Hey Brian, imagine running into you here!
Unlike anything before in my life, graduate school has been a challenge and exercise in personal growth, an uphill journey. I entered grad school thinking that “I love school, I love to learn, so grad school will be as good as my undergrad! It will be a piece of cake, just a crown atop the head of my undergraduate career. Right?” At particular moments, it has left me feeling like the king of the world, but there have definitely been some large challenges, work-related and personal, that I have had to overcome.
Meeting expectations. Who is setting expectations on me? First of all, there is my boss. I was operating under the assumption that she wanted me to work my hardest, 80h a week, and for me to push my mental boundaries to their limits in the pursuit of the answer to my scientific question. I worked and I worked and nothing seemed to be working at first. And I couldn’t help but wonder why? I was doing everything correctly, all the science was sound, but why were my experiments not working? What would my P.I. think? What will my lab think when I present this mediocre result in a lab meeting? Where is my future going!?!
Overcoming expectations. Being a student means learning. Which definitely means making mistakes. When exerted to my extremes, I wear my emotions on my sleeves and will lash out if my logic is judged as a negative (a trait I am definitely working on). When I make these mistakes, and lash out, I am creating a perception of myself on the people who only know me in a work context. My fellow lab-mates will look at me in the strangest of ways after having emoted in front of them, be it happy, sad or angry, and will smugly act as though they know my innermost thoughts and feelings. How do I take the high road? How do I overcome their expectation that I will breakdown from stress? Am I a bad person because I showed emotion at work? How do I make myself a better student?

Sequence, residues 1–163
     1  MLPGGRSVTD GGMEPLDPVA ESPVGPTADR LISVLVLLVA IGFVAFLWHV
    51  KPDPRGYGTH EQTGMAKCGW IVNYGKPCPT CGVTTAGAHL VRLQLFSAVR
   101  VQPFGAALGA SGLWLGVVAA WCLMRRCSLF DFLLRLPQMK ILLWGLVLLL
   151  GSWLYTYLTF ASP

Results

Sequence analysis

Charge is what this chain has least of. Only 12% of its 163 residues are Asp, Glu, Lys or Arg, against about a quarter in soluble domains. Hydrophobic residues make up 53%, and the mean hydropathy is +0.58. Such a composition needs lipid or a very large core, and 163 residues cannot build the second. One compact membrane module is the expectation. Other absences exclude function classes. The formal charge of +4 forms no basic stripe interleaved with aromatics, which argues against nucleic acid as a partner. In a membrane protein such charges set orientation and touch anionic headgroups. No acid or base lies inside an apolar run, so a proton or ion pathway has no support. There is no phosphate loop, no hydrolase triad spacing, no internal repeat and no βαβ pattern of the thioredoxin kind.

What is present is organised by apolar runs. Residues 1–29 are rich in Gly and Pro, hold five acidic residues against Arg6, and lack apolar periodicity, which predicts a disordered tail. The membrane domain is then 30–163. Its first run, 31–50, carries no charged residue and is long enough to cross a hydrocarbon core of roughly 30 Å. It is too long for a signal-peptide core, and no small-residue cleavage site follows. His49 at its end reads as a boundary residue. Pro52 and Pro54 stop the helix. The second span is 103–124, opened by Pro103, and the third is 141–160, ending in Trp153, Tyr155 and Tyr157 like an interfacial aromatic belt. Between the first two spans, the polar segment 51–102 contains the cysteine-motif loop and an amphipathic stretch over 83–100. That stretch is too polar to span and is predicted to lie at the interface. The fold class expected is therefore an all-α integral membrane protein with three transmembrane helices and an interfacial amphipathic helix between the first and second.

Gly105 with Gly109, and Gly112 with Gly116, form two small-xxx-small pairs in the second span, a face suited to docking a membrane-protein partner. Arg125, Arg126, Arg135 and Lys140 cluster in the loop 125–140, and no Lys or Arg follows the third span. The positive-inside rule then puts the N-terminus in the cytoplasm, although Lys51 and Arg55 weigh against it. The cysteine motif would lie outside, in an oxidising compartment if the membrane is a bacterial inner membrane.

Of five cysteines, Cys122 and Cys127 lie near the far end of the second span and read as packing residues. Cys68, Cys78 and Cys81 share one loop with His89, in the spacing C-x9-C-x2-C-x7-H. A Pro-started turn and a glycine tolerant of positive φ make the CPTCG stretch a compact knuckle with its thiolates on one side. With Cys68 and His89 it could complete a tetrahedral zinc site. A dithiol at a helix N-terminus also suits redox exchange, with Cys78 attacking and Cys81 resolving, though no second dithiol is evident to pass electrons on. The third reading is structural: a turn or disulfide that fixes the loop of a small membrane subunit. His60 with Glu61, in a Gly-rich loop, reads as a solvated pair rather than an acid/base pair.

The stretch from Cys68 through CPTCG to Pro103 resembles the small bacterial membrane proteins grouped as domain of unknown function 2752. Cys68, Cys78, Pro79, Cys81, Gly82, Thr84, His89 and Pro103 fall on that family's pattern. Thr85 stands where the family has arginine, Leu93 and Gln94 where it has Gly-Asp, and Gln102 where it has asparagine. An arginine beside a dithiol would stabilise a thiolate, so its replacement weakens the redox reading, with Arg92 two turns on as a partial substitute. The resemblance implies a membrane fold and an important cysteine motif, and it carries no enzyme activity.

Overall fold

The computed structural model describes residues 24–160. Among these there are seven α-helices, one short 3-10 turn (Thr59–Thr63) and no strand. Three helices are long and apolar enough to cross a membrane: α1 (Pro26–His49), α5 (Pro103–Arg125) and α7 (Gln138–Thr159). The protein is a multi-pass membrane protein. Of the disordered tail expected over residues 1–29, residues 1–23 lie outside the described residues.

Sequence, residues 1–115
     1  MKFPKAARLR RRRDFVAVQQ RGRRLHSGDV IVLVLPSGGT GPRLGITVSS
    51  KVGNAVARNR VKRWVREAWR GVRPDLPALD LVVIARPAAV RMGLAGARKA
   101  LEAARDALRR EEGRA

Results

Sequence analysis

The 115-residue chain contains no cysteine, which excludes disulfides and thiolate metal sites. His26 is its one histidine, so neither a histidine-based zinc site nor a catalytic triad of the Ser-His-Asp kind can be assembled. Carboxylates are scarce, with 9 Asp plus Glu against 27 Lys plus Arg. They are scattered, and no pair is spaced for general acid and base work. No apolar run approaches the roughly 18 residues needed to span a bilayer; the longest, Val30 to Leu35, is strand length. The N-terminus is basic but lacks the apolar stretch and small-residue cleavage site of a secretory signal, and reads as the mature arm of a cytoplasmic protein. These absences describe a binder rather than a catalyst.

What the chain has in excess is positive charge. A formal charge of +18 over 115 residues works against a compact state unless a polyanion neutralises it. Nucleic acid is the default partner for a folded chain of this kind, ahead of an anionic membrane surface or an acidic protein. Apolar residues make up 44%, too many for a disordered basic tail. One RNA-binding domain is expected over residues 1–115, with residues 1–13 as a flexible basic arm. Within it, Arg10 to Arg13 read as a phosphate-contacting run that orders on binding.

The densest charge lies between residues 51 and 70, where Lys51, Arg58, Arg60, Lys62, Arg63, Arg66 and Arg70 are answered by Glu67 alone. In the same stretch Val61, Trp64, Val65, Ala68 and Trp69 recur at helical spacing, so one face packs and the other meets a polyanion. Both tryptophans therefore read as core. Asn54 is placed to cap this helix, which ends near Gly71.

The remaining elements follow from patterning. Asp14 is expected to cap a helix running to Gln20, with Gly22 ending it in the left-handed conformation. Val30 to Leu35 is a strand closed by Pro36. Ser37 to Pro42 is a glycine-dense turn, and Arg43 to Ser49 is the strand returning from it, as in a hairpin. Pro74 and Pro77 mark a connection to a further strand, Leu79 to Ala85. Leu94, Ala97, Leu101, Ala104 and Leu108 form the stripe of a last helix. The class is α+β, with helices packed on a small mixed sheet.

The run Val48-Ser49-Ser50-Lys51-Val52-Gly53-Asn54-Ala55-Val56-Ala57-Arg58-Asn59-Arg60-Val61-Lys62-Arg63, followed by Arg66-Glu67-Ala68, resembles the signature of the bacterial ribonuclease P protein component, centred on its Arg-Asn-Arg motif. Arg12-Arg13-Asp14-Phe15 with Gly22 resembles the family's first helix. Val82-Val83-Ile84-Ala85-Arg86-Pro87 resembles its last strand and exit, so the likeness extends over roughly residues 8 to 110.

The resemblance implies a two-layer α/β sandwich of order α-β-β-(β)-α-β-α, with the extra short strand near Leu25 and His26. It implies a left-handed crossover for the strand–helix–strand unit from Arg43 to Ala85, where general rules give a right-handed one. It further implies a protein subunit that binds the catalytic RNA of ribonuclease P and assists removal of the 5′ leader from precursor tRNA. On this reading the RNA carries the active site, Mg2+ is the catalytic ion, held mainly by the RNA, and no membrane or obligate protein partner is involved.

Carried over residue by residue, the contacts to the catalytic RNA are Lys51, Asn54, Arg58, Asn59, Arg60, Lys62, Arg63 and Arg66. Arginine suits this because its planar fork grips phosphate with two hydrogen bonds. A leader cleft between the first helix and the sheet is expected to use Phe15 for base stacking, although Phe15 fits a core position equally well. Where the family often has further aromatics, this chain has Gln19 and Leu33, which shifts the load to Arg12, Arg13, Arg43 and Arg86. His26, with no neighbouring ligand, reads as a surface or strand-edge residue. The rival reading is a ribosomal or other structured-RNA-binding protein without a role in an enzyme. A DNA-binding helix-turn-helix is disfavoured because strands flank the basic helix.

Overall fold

Exceeding expectations. An experiment has run correctly, the result was proper and was reproducible. Getting that elusive “good work, Brian” from a member of my lab. This is the moment where I am made to feel as if I was finally doing something right, all of the work, the stress, the papers, the long nights (and procrastination involved therein) have been worth it. Yet, when told good work, I still shrug it off. I deflect the praise and say things like “well, if I can do it, anybody can;” “it’s not rocket science;” “we’ll see if it’ll hold the next time I do it.”
Why am I putting myself through all of this trauma?
The answer lies in the fact that I am a student. I am young, I am learning.
The one lesson that I’ve learned in the past year, the most important one that is, is that you can only be as good as you treat yourself. Do not let other peoples’, even your boss’, expectations limit what you are capable of. Do not stop to think, simply perform. Do not let the stress get to you; retain perspective. Be good to yourself, and you will be good to others. All of the expectations that I thought I didn’t hold I did indeed hold, and they were projections of my own expectations of myself. Why should I stress out about this, when I can control it; when I am the one who is creating my own stress?
All scientific inquiry, much like artistic pursuit, is an onion. You peel back one layer of the problem only to find that there are an exponential amount of more questions to be asked. At the mere age of 21, I entered my graduate program, bright-eyed and bushy-tailed thinking “Brian, you are going to publish in your Master’s, land a sweet gig for your Ph.D. and then get to take your pick of Post-Doctoral fellowships after you graduate so that you can become a professor and teach first-year students in science that there is nothing wrong with becoming a scientist.” After the past year of research and learning the pace at which it occurs, I will be happy no matter where I end up, no matter what I’m doing, as long as I am learning and making science happen.
I am looking forward to the next year, where I will learn what awaits me in my Ph.D program and much much more, and being able to share my thoughts and perceptions with you along the way!!!
Is this going to be a normal field trip? With Brian? NO WAY!